ANTH 101(F,S) The Scope of Anthropology*
Is there such a thing as "human nature"? Why have human societies developed such a bewildering range of customs to deal with problems common to people everywhere? This course addresses these questions by introducing students to the comparative study of human social life and culture. Topics surveyed in the course include economics, language and thought, kinship and marriage, law and politics, and the wide variations in human belief systems, including religions. The course also considers the ways that anthropology, a discipline that was until recently practiced almost exclusively by Westerners, approaches other societies in search of insights on our own customs and values. Ethnographic descriptions of both "simple" tribal societies and complex modern ones are a prominent part of the readings. Format: lecture/discussion of case studies and ethnographic films. Requirements: two short essays, a final examination and class participation. Enrollment limit: 30 (expected: 30). Preference given to first-year students and sophomores.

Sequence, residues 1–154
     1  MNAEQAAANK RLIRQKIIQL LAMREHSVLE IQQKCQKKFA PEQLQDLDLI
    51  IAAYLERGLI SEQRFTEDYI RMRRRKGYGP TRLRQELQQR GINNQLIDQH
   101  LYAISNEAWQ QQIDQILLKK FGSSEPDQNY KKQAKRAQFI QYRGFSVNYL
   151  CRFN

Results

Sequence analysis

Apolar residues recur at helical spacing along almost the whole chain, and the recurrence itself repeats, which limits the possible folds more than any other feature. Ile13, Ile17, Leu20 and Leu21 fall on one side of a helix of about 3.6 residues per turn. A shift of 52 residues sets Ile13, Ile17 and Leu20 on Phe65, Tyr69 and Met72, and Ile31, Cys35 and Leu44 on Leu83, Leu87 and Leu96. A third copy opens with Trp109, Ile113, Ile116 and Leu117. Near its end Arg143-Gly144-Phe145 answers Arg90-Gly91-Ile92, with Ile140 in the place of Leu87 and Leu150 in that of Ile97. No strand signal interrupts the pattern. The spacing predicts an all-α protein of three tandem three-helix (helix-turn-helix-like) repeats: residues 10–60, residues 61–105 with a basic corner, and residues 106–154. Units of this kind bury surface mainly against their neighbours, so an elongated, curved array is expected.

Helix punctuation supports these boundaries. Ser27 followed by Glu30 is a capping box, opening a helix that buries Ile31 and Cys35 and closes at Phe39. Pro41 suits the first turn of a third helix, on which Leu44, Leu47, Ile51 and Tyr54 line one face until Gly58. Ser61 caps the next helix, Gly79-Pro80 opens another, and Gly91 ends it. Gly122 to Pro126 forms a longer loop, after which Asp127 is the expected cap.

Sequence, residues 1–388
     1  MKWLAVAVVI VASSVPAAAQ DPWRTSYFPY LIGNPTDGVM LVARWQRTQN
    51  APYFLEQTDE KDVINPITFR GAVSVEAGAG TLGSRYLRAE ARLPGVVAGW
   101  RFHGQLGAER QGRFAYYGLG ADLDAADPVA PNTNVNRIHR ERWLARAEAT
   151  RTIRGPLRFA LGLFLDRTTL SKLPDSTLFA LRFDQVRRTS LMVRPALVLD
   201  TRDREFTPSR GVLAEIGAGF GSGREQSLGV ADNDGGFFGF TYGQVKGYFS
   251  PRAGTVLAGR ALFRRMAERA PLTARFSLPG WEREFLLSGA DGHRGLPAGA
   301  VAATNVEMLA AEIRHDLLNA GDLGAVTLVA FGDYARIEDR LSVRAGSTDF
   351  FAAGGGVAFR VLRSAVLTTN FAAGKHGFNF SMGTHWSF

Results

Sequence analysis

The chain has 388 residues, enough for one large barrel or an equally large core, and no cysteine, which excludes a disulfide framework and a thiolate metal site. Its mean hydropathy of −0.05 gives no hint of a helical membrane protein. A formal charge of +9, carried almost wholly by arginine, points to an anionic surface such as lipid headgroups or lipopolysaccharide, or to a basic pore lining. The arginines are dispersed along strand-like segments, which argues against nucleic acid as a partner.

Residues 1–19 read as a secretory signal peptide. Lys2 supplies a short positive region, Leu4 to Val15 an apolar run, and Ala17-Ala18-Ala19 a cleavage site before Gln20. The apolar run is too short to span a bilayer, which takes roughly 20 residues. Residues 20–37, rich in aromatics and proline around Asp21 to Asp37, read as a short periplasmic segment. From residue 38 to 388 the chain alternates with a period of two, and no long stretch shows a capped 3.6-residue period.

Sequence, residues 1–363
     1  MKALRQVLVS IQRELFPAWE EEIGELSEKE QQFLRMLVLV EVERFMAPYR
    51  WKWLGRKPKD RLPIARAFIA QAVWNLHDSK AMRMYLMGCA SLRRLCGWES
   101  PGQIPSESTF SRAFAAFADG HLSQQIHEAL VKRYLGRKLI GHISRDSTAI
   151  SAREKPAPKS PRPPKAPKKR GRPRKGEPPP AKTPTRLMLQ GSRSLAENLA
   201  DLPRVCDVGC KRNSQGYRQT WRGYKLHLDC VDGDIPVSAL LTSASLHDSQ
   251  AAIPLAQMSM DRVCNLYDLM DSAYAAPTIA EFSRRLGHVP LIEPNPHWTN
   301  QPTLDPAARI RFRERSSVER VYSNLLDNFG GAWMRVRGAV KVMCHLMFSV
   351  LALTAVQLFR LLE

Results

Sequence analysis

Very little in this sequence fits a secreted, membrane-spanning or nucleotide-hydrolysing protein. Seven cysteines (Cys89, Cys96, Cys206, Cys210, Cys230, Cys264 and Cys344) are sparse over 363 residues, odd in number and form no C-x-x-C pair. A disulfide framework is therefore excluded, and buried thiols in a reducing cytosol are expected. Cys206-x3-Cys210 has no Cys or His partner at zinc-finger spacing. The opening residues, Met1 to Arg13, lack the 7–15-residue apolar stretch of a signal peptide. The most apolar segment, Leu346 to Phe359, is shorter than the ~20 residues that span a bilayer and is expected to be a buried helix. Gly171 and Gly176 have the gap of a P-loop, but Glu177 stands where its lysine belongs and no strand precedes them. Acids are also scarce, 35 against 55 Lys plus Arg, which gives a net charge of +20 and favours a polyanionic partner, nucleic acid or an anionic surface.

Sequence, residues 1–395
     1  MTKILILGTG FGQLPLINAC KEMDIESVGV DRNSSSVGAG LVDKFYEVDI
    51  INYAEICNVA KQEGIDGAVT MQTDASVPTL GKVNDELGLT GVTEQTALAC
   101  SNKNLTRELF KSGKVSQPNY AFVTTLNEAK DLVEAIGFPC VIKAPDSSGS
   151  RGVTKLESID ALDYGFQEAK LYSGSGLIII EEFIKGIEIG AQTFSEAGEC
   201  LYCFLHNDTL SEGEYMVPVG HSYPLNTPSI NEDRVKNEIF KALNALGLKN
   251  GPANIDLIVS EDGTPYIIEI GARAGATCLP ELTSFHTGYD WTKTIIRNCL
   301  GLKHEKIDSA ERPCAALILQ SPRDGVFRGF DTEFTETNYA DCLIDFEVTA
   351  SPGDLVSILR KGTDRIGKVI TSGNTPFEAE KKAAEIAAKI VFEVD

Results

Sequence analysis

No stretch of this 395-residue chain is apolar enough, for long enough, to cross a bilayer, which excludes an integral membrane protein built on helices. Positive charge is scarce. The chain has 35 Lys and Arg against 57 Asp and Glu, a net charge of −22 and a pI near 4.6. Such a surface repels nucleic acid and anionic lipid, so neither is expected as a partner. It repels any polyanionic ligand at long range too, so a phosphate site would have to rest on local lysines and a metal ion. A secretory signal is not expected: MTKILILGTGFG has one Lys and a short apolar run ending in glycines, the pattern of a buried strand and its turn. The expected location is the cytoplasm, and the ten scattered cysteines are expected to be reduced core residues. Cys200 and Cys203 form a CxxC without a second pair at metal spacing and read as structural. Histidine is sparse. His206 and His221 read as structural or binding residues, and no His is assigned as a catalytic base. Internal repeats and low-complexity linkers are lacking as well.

Hour: First Semester: M.F. BROWN Second Semester: D. EDWARDS